Open-access journals publish a wide range of peer-reviewed scientific information. All journals, open access or not, aim to publish exciting and significant results, but an important aspect of many open-access journals is that they also encourage the publication of more incremental advances, and even negative results, if properly performed. Why is this important? Because, if journals only publish ‘exciting’ results, the resulting publication bias’ seriously skews the literature. In order to see the big picture, researchers need to have access to an unbiased view of the results of all soundly-conducted studies.

In addition, by making it possible for a larger fraction of research results to be published, open-access journals provide more raw data for researchers to use in subsequent studies.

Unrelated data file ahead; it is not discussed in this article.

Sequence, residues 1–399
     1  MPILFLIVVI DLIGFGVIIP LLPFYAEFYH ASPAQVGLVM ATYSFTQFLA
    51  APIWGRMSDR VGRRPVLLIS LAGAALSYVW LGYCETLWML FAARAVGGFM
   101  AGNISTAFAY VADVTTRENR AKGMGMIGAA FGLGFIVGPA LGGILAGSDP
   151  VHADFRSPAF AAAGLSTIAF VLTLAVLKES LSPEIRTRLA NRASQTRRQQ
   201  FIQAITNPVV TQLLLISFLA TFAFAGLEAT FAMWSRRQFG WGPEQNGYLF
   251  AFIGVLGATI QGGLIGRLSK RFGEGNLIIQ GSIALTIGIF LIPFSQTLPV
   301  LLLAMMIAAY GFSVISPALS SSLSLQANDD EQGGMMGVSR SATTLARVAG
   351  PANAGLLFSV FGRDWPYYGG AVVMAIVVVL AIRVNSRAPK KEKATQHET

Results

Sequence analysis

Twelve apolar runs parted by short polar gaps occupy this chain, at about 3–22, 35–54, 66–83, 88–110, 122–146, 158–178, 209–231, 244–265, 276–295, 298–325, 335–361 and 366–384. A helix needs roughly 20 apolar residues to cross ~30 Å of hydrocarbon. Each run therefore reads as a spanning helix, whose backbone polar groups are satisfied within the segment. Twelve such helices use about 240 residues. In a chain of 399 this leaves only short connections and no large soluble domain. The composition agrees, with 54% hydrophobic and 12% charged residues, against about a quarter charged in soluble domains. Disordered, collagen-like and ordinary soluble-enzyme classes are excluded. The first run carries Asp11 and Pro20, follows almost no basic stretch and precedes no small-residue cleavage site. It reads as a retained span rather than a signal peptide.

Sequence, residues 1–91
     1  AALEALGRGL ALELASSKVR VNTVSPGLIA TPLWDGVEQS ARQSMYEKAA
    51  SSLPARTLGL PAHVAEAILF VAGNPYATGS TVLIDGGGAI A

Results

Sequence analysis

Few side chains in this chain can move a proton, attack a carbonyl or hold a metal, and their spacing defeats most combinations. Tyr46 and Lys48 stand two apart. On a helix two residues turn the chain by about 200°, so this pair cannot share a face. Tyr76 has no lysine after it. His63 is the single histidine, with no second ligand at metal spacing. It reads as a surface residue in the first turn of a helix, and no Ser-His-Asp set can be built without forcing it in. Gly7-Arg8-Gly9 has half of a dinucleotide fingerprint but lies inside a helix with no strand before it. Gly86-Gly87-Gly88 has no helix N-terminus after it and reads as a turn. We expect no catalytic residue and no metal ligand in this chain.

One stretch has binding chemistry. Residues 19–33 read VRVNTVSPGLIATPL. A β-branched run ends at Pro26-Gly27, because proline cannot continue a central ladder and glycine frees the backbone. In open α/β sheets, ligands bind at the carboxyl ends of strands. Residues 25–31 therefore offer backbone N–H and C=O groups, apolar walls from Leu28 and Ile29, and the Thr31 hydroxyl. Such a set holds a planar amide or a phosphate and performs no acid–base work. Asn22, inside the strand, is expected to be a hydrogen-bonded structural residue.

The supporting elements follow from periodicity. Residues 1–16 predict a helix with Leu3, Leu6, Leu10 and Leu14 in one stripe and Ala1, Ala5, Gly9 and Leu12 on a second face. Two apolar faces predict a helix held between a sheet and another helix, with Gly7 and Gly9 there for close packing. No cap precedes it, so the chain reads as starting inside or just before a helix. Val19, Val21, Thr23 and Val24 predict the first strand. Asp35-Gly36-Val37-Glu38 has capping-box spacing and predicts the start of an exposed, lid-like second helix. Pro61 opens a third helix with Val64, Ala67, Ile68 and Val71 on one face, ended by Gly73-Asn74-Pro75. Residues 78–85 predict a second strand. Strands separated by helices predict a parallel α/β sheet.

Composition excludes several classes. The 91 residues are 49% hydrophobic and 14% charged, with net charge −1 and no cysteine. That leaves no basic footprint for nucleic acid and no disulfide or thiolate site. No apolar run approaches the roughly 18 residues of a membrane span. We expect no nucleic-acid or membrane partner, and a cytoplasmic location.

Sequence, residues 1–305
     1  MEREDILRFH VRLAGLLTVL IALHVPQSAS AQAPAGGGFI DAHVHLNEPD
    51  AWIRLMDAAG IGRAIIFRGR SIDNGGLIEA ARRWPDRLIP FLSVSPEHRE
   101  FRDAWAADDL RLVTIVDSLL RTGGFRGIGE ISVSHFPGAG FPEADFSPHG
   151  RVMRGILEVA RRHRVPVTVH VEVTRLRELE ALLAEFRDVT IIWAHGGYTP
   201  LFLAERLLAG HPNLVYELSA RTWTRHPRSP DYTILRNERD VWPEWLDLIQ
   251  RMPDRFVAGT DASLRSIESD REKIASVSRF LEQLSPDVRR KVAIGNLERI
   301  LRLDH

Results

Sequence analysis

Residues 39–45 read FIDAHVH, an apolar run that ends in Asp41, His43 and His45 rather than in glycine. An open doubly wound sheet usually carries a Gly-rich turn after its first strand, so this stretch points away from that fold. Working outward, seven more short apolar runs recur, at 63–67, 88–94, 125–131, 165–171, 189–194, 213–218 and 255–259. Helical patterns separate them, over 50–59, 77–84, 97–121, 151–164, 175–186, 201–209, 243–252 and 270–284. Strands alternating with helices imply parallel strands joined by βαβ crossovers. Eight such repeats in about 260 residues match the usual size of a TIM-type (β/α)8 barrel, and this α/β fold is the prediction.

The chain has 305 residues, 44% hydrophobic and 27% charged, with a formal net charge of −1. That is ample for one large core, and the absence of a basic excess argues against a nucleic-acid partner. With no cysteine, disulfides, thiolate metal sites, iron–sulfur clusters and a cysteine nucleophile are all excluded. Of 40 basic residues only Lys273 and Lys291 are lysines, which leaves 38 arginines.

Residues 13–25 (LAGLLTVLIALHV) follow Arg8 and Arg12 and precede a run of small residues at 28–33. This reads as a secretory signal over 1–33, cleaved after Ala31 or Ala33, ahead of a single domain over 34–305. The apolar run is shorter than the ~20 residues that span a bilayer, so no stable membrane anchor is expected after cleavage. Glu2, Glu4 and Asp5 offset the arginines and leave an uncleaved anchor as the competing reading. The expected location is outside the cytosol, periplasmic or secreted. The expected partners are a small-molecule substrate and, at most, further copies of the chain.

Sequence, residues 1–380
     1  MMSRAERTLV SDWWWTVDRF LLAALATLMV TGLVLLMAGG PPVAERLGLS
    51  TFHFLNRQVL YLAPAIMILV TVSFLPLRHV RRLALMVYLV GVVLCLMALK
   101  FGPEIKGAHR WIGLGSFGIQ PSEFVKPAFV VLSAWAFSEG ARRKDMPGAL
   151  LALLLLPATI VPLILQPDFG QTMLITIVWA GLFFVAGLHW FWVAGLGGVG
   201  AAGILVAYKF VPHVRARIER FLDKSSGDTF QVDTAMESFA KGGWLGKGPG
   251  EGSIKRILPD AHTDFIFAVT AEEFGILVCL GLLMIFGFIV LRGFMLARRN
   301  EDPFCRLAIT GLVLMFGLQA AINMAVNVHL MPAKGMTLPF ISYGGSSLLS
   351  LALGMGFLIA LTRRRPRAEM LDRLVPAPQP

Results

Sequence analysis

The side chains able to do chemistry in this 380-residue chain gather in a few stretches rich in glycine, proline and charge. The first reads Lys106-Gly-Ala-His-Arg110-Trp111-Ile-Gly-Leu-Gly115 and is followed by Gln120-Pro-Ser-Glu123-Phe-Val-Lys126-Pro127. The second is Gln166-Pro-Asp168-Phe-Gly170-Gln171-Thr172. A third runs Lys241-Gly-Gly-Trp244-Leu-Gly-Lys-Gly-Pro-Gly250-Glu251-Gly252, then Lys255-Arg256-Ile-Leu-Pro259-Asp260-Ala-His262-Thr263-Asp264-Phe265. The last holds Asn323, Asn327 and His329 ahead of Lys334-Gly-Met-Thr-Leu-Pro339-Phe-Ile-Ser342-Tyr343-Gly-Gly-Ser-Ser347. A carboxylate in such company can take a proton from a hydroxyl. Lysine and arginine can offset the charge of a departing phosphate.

Another benefit of a policy of publishing more research is that the perceived significance of research changes over time. Articles that are initially overlooked may ultimately prove to be fundamental breakthroughs.

Lastly, open access, by making the underlying research articles freely available and reusable, opens up myriad possibilities for enhancing and extending that research. This includes the use of computational techniques to mine research articles for information, and the use of Web 2.0 technologies such as blogs, tagging and wikis to allow the research community itself to enrich articles with additional content and connections.

By providing an optimal combination of quality and quantity, open access delivers a new model of publishing that can meet the challenges of 21st century science.